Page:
In General

One of the most soulful and satisfying reissues from the label that does it better than anyone – UK-based Ace Records – features a major figure in the Muscle Shoals music scene, Dan Penn.

A native of Vernon, Alabama, the former Wallace Daniel Pennington gained renown mostly as a songwriter and producer. He started writing and recording back in the early ’60s in the Muscle Shoals area, primarily at FAME Studios. Penn eventually left for Memphis in 1966, where he wrote soul classics like The Dark End of the Street with record man Chips Moman. But this collection focuses squarely on 24 sides that Penn cut at FAME, with little involvement from the studio’s otherwise domineering owner and producer, Rick Hall (mainly because Penn and his musical cohorts liked to record late at night).

Most of the songs are co-written by another Muscle Shoals legend, keyboard player Spooner Oldham. All of them feature Penn’s searing vocals – one of the main reasons why I can’t pry myself away from this collection.

Of course you’d also expect some clever wordplay from the guy who co-wrote I’m Your Puppet, Do Right Woman, Sweet Inspiration, Take Me (Just As I Am) and many other classics of southern soul. And you’ll find plenty of that on The Fame Recordings. “Take a good look, take your last look at me walking out your door; take a good look at my good looks… I won’t be back no more.” As Penn points out in an interview with Alec Palao (liner notes), “that’s one that got away, nobody ever had a hit on it.” And you’d be hard-pressed to find a better prison song than the chain-gang lament Rainbow Road, immortalized by Arthur Alexander in 1972 (Penn: “I know Rick arranged this, because there’s a damn banjo!”). Rainbow Road

But Penn’s gutsy, go-for-broke singing is the real star of the show here – that, and the deep, fat sound of the FAME Studios’ house band (two different lineups, actually) in glorious mono. At one point or another during his three-year run at FAME, Penn’s backup musicians included Spooner, Junior Lowe (bass/guitar), Jimmy Johnson (guitar), Roger Hawkins (drums), David Briggs (keys), Norbert Putnam (bass) and Jerry Carrigan (drums).

It’s a real joy to hear the dominant sounds of the era – soul, rock, Brill Building pop, Motown, blues – filtered through a group of relatively unschooled white guys from the deep south. Here’s Penn’s take on the uptown New York sound of Ben E. King, Bobby Darin and The Shirelles (he must’ve been on to something, because The Drifters cut this one in ’65): Far from the Maddening Crowd

The one-two punch of Penn’s blue-eyed soul singing and his dream band of session pros left me searching for any credible reason why all of these tracks (except Take Me) haven’t seen the light of day over the past five decades. Who in their right mind would toss this one on top of the “don’t release” stack? Don’t Lose Your Good Thing

Well, that person was probably Hall, who might’ve felt that his best hope at the time was with black artists like Joe Tex and Jimmy Hughes. And it looks like Penn bought into that approach too. Even though he spent much of his teenage years touring the south with his fearsome R&B band The Pallbearers (with their own hearse, of course), Penn never considered himself much of a performer. So he didn’t have any problem shifting his focus to songwriting – especially when he started to see the royalty checks from Puppet, a huge hit for James & Bobby Purify in 1966.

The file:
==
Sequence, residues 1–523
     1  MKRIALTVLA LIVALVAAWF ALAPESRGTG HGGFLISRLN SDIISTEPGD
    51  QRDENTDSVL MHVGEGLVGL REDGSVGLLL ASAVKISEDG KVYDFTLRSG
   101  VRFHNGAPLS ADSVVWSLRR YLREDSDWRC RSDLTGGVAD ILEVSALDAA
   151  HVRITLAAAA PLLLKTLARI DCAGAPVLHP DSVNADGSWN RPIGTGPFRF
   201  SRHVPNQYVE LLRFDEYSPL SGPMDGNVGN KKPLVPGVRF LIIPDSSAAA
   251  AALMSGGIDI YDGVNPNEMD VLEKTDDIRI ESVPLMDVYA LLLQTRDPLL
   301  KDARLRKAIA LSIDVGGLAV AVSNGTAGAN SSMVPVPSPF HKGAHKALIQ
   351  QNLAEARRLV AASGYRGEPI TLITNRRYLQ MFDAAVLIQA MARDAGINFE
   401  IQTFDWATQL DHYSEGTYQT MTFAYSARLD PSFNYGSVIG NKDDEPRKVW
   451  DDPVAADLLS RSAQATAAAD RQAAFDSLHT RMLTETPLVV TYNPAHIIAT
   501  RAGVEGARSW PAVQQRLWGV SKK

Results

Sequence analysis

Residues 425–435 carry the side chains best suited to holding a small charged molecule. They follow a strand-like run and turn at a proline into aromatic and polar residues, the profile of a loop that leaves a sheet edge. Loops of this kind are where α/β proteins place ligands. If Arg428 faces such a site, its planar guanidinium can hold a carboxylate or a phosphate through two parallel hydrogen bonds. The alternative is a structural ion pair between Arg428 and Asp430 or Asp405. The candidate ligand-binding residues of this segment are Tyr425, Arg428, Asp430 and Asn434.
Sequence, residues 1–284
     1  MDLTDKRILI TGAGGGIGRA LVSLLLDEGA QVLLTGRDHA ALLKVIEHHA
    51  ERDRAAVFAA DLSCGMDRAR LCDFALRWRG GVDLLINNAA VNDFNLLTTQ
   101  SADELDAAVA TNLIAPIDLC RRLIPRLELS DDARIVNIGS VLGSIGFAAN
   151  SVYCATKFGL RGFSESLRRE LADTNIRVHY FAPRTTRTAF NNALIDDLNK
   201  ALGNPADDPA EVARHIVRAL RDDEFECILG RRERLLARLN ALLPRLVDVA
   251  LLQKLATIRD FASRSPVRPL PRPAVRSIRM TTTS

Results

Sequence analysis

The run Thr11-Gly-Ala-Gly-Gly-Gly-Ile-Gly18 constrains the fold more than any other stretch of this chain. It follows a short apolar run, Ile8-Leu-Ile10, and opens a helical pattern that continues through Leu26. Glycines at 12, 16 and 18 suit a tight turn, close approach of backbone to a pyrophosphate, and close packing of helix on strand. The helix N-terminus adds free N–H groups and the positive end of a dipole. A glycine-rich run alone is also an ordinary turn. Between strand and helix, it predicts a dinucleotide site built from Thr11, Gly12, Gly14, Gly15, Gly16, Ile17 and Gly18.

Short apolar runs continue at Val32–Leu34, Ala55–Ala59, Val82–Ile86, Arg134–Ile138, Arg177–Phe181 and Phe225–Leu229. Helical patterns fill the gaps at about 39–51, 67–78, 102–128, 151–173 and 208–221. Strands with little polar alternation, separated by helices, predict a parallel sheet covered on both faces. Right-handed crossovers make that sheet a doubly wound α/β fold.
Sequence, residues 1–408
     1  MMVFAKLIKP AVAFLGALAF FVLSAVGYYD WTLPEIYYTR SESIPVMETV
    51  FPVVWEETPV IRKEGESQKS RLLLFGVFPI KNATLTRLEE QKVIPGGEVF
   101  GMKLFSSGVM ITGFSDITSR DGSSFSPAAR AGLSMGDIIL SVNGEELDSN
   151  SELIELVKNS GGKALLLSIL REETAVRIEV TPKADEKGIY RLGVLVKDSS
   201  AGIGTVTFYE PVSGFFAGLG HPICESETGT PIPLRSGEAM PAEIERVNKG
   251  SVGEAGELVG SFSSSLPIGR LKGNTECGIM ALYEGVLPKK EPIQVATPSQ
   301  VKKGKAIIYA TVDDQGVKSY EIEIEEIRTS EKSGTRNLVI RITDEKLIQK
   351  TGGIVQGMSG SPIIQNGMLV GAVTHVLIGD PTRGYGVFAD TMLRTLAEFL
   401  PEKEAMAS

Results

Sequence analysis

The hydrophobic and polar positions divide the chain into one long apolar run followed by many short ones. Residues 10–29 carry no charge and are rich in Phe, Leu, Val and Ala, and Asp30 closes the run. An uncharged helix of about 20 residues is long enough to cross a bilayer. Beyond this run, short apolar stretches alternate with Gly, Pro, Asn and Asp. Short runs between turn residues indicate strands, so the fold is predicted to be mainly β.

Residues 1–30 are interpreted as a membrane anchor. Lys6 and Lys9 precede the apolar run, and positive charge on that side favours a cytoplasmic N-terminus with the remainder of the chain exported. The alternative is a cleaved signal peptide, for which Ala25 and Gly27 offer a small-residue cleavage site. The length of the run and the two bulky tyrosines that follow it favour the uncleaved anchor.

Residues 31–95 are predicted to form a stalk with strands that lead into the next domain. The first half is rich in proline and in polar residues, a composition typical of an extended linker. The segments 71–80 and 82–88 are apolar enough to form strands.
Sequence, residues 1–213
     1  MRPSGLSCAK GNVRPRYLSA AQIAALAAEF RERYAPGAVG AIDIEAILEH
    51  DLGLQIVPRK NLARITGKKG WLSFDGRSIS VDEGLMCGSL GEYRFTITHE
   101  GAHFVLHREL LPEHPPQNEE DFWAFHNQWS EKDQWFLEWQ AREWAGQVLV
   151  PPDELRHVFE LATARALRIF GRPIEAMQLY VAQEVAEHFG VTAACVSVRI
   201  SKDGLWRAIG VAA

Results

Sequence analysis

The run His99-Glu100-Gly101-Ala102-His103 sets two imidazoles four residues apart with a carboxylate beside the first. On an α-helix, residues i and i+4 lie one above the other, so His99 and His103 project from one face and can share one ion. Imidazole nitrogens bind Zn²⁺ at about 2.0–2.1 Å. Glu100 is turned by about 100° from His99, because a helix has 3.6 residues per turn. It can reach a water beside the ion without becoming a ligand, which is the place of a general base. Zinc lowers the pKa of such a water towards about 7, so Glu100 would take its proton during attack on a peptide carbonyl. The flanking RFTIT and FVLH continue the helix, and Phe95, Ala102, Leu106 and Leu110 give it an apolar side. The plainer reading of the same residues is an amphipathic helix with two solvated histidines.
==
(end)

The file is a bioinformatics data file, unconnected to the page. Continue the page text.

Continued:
As great as Penn sounds on these recordings, you have to respect his estimation of how artists like Otis Redding improved on his originals. For the sake of argument, I’ve sampled a slice of Penn’s take on You Left the Water Running next to Redding’s demo, recorded at FAME in ‘66. “It was a good song from the park on,” he told Palao, “but it never took wing until Otis got a hold of it that night, and in just a few minutes transformed it: (sings) you left all the water running.” You Left the Water Running

I’m a big fan of Penn’s ’94 release “Do Right Man” – as good as any soul album that’s been recorded over the past 20 years. So I also found it interesting to compare this older, wiser guy with his younger self. On this sample, you can hear his original version of It Tears Me Up (recorded in ’65 and covered a year later by Percy Sledge) next to the remake from “Do Right Man.” If anything, Penn’s voice grew more nuanced and expressive over the years. It Tears Me Up

I could drone on a lot more about these long-lost recordings (the liner notes include a nice description of the “ping pong” technique that Penn employed with the studio’s two 1/4-in. tape decks to overdub vocals and other instruments). But I’ll refrain and just share a couple more favorites.

As I pointed out earlier, Penn covered a lot of ground stylistically, with nods to (among others) Joe Tex, Bobby “Blue” Bland, Sam Cooke, Marvin Gaye… basically just about every black artist who inspired him. On this cut, he gets his Motown on to great effect: Come Into My Heart

And if you’re wondering what a little uptown blues would sound like in an Alabama roadhouse… Strangest Feeling

Dan Penn is alive and well, living in Nashville with his wife of nearly 50 years, Linda. He doesn’t have an active website and, aside from a placeholder on Facebook, seems indifferent to social media (further proof of a higher force). But he still performs now and then (I think), so if you’re spending any time in the Nashville area, pay attention.

Dan Penn and Spooner Oldham perform The Dark End of the Street… masterful.

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